Unit 2 - Digital Information (Last update: May 2016)
Chapter 1: Encoding and Compressing Complex Information
- Are the ways in which digital information is encoded more laws of nature or man made?
- What kinds of limitations does the binary encoding of information impose on what can be represented inside a computer?
- How accurately can human experience and perception be captured or reflected in digital information?
- 1.1 Creative development can be an essential process for creating computational artifacts.
- 1.3 Computing can extend traditional forms of human expression and experience.
- 2.1 A variety of abstractions built upon binary sequences can be used to represent all digital data.
- 3.3 There are trade offs when representing information as digital data.
ResearchIn this lesson students are introduced to the standard units for measuring the sizes of digital files, from a single byte, all the way up to terabytes and beyond. Students begin the lesson by comparing the size of a plain text file containing “hello” to a Word document with the same contents. Students are introduced to the units kilobyte, megabyte, gigabyte, and terabyte, and research the sizes of files they make use of every day, using the appropriate terminology. This lesson foreshadows an investigation of compression as a means for combatting the rapid growth of digital data.
Widget - Text Compression , Individual and Group DiscoveryAt some point we reach a physical limit of how fast we can send bits and if we want to send a large amount of information faster, we have to find a way to represent the same information with fewer bits - we must compress the data.
Widget - Pixelation , Concept Invention , Individual CreationIn this lesson, students will begin to explore the way digital images are encoded in binary. The class begins by asking students to invent their own image encoding protocol in order to familiarize themselves with some of the subtle complications of encoding images, namely the need for other data, called metadata, that describes properties of the image necessary for rendering it. Students will learn about pixels, raster images, and what an image file format is. Students will encode binary image data using a widget in Code Studio.
Widget - Pixelation , Individual CreationIn this lesson students are asked to consider how color is represented on a computer and to imagine how it might be encoded in binary. Students then learn about how color is actually represented on a computer - using the RGB color scheme - and create their own images in an new version of the pixelation widget that allows you use more than 1 bit per pixel to represent color information. After grappling with the prospect of possibly many bits just to represent a single pixel, students are shown how using hexadecimal allows us to represent many bits with fewer characters. Students use a new version of the pixelation tool to encode an image with color and create a personal favicon.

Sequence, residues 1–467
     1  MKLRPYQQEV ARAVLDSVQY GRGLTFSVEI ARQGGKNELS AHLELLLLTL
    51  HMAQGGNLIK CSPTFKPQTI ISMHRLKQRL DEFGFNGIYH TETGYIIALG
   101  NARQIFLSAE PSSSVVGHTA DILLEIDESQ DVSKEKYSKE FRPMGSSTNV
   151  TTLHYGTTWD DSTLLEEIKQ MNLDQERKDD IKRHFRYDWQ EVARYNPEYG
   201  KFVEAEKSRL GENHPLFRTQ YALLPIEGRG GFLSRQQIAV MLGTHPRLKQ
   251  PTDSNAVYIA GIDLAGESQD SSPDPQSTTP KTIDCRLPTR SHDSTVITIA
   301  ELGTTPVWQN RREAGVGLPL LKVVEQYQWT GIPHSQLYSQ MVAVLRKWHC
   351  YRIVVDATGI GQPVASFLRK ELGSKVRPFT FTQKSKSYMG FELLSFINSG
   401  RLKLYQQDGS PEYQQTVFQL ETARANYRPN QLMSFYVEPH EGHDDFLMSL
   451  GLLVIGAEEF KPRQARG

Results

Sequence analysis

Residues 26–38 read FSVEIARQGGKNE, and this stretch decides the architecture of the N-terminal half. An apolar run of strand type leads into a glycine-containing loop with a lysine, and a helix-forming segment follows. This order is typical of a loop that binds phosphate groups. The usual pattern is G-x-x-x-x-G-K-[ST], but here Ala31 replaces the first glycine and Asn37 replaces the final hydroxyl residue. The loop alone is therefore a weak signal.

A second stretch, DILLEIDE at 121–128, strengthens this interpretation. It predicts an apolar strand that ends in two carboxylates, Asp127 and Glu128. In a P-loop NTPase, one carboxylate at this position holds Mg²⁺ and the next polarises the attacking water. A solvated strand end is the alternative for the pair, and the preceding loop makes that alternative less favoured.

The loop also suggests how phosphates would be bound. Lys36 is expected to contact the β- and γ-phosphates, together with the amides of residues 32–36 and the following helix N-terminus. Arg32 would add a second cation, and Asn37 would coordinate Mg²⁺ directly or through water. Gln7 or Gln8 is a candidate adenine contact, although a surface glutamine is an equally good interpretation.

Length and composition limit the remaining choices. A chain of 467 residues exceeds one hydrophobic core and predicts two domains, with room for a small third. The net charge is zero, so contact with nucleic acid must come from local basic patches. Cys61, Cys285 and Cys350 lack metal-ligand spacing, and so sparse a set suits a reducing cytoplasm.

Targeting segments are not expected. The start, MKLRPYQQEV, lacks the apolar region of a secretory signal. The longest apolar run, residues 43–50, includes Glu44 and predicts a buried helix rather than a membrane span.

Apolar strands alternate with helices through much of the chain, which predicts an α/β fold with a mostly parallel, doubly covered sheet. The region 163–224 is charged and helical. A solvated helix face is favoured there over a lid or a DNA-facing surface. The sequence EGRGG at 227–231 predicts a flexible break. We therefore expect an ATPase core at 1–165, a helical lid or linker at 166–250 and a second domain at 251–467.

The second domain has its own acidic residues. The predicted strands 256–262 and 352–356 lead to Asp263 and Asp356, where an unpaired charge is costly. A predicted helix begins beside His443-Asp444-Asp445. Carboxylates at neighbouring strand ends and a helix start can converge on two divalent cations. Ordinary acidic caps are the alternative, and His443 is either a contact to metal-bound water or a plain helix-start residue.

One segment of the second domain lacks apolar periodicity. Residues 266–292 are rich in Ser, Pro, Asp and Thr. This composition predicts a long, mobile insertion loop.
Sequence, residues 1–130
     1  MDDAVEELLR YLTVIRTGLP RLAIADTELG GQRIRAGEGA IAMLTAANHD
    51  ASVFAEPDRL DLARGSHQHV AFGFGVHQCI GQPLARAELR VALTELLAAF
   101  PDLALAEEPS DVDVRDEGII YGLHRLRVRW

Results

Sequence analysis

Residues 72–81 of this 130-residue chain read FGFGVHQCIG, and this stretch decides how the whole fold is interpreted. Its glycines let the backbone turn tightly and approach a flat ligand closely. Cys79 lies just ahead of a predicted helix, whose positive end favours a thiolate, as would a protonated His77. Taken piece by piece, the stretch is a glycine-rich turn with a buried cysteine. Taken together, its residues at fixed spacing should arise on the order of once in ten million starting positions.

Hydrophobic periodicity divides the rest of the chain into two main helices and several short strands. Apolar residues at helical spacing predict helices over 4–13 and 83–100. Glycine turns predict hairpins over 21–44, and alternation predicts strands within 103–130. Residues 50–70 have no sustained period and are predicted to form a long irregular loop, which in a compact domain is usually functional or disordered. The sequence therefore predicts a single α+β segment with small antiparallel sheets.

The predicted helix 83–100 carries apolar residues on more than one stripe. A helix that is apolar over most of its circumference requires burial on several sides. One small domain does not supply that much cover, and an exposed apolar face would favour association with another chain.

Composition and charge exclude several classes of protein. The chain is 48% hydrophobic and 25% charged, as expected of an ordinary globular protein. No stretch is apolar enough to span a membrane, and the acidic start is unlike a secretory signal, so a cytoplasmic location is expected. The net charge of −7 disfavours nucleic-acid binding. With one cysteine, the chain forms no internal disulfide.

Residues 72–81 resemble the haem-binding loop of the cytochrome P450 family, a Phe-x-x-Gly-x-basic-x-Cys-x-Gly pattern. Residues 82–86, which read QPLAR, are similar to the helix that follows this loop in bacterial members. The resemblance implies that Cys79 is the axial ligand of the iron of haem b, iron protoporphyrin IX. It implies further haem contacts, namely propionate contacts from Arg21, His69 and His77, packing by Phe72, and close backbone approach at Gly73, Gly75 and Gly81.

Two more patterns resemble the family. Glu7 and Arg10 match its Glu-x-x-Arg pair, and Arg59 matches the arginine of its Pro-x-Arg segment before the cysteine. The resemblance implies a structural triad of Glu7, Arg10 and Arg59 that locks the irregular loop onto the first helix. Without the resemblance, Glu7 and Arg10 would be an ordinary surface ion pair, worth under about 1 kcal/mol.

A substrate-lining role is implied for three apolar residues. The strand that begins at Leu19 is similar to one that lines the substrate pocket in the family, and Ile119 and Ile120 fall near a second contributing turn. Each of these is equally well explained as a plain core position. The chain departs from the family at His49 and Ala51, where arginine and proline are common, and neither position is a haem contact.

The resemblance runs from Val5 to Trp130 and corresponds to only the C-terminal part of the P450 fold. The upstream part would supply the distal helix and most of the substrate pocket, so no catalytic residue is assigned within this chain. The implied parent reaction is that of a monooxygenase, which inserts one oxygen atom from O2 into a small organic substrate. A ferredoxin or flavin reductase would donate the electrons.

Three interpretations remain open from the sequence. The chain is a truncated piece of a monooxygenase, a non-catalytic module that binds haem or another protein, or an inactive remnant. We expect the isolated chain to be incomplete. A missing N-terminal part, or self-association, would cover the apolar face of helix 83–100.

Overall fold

ResearchThis lesson is mostly an investigation of different kinds of file formats that exist in the real world. The lesson begins with students exploring a mock “lossy” text compression scheme as a way to learn about “lossy” compression. Then we do a jigsaw “rapid research” activity in which pairs of student research a real image, text, or sound encoding file format and determine what kind of compression it uses and the theory behind it. This lesson also sets the stage for the practice Performance Task (Encode a Complex Thing) that follows this lesson.
Practice PT , Unplugged , Individual CreationIn this 2-day lesson, students will design their own way to encode a personal experience (such as attending a party, playing a game, etc). The project begins with students doing some top-down design to figure out the components and subcomponents of an experience that are encodable as binary information. Students then select a portion of the experience to flesh out into a a more detailed design. The project includes a written reflection questions similar to those students will see on the AP Performance Tasks. While students will complete this project individually, they will exchange feedback with a classmate at one point of the project.
This chapter will look and feel a lot like Unit 1, Chapter 1. It is in many ways a continuation of the concepts and activities around how to encode information. The difference now is that the information isn’t being encoded explicitly for the purpose of transmitting the data. Rather the focus on coming up with creative ways to encode types of information that less obviously lend themselves to binary encoding or discrete pieces of data at all.